A consistent treatment of dynamic contact angles in the sharp-interface framework with the generalized Navier boundary condition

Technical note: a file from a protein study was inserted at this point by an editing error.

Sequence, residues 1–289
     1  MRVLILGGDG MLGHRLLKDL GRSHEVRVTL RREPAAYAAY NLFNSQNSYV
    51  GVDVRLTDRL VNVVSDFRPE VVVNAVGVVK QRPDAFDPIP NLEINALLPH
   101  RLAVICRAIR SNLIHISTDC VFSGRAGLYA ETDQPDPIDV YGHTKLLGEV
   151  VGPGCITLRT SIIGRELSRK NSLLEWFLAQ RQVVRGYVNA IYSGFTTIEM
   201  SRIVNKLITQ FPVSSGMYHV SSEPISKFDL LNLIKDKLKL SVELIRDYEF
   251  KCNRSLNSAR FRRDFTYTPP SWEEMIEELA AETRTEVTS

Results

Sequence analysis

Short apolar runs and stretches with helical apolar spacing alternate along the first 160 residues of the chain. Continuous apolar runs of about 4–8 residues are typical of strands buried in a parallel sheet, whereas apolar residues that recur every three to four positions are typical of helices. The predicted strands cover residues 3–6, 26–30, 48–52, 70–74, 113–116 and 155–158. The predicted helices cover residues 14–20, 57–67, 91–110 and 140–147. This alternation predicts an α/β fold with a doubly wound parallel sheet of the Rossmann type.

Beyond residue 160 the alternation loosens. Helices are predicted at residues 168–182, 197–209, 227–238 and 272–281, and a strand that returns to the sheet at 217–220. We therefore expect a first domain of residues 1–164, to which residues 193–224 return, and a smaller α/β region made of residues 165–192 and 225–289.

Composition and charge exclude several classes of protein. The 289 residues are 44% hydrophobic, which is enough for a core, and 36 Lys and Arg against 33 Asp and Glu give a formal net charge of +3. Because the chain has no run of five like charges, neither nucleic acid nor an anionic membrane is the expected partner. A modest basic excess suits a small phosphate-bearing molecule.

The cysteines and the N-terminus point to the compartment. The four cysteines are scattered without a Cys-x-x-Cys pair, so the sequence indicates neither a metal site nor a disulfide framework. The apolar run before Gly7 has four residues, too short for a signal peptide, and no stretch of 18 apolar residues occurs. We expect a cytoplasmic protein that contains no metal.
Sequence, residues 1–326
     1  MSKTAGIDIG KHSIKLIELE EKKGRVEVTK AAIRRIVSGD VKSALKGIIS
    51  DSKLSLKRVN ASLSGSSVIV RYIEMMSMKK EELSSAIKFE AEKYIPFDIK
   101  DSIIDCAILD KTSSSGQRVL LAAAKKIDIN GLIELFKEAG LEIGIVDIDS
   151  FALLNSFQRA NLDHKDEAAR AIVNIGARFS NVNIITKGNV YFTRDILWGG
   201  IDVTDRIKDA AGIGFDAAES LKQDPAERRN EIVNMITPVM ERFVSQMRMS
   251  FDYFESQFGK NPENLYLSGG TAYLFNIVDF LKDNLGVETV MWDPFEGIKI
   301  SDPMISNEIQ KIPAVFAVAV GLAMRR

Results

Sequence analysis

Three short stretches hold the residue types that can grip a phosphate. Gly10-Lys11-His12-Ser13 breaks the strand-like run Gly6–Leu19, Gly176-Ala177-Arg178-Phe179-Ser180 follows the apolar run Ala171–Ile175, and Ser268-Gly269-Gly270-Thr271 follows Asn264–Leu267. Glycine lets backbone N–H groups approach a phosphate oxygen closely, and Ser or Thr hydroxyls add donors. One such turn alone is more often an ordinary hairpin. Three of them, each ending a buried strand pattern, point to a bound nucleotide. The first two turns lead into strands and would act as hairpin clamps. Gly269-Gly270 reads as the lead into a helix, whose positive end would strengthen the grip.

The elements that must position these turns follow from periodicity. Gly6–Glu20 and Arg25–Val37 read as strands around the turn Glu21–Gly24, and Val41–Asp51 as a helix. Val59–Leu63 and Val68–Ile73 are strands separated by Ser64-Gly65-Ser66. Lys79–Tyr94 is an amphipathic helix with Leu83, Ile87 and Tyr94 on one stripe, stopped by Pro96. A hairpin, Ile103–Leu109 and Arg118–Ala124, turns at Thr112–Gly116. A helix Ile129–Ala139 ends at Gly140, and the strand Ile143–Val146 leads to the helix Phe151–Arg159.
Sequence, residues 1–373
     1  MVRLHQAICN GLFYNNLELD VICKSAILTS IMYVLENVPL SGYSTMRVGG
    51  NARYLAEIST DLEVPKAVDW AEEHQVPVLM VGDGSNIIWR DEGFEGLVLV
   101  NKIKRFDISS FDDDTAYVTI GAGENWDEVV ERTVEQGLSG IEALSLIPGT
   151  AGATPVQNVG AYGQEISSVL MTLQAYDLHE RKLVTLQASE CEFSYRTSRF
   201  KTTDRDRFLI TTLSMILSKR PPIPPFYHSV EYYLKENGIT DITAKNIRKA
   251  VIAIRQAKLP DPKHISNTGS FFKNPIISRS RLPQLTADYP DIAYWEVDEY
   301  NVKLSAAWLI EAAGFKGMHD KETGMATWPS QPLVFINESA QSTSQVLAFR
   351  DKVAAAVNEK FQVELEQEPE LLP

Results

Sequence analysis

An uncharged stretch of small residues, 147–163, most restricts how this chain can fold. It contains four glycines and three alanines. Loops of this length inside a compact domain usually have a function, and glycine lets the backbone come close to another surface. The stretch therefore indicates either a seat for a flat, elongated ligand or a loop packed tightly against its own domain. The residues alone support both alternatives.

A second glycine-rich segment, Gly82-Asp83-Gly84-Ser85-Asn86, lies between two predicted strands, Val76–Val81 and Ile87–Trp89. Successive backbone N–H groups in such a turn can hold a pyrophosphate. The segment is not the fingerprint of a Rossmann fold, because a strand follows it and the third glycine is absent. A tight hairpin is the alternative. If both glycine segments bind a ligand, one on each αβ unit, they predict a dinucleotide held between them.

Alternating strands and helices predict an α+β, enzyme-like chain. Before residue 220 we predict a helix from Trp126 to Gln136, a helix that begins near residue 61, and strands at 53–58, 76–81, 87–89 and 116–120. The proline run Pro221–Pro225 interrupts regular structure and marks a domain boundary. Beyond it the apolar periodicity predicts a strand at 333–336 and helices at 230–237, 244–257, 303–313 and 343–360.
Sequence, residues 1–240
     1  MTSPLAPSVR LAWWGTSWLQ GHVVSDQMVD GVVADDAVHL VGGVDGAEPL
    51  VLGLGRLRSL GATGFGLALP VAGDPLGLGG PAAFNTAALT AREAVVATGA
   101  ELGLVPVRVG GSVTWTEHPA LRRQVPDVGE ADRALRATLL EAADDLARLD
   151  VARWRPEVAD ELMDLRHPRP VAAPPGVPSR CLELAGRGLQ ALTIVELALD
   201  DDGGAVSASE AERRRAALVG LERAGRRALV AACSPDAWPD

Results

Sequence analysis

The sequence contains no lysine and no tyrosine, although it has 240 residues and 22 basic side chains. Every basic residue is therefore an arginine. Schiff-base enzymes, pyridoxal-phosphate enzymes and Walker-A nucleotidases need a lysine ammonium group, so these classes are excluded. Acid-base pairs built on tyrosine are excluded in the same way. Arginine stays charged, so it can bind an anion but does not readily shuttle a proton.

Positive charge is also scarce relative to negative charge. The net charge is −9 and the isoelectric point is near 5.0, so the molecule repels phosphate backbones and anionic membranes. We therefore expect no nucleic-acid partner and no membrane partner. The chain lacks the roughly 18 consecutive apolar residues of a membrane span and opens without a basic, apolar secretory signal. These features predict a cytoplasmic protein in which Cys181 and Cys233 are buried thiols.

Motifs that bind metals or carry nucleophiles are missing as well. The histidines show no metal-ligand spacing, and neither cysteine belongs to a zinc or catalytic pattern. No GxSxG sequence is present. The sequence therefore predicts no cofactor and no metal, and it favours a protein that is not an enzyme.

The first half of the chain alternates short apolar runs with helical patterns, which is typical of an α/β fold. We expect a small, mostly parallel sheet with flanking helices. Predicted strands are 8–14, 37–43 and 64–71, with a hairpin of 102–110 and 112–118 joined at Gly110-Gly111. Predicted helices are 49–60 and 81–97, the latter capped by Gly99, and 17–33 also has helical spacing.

In this work, we revisit the Generalized Navier Boundary condition (GNBC) introduced by Qian et al. in the sharp interface Volume-of-Fluid context. We approximate the singular uncompensated Young stress by a smooth function with a characteristic width epsilon. We show that the resulting model is consistent with the fundamental kinematics of the contact angle transport described by Fricke, Köhne and Bothe. We implement the model in the geometrical Volume-of-Fluid solver Basilisk using a ``free angle'' methodology. This means that the dynamic contact angle is not prescribed but reconstructed from the interface geometry and subsequently applied as an input parameter to compute the uncompensated Young stress. We couple this approach to the two-phase Navier Stokes solver and study the withdrawing tape problem with a receding contact line. It is shown that the model is grid-independent and leads to a full regularization of the singularity at the moving contact line. In particular, it is shown that the curvature at the moving contact line is finite and mesh converging. As predicted by the fundamental kinematics, the parallel shear stress component vanishes at the moving contact line for quasi-stationary states and the dynamic contact angle is determined by a balance between the uncompensated Young stress and an effective contact line friction. Away from the moving contact line, we confirm that the viscous bending of the interface is well-described by the asymptotic theory of Cox. A non-linear generalization of the original GNBC is proposed, which is closely related to the Molecular Kinetic Theory of wetting.